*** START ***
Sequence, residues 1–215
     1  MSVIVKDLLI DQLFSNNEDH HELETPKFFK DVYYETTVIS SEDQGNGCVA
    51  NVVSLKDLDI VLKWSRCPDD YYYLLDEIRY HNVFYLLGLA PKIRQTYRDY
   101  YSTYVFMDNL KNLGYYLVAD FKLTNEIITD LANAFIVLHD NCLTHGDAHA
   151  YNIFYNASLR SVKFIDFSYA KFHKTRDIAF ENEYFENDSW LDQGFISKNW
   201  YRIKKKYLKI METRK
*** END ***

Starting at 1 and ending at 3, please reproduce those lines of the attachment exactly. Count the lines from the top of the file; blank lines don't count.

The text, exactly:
Sequence, residues 1–215
     1  MSVIVKDLLI DQLFSNNEDH HELETPKFFK DVYYETTVIS SEDQGNGCVA
    51  NVVSLKDLDI VLKWSRCPDD YYYLLDEIRY HNVFYLLGLA PKIRQTYRDY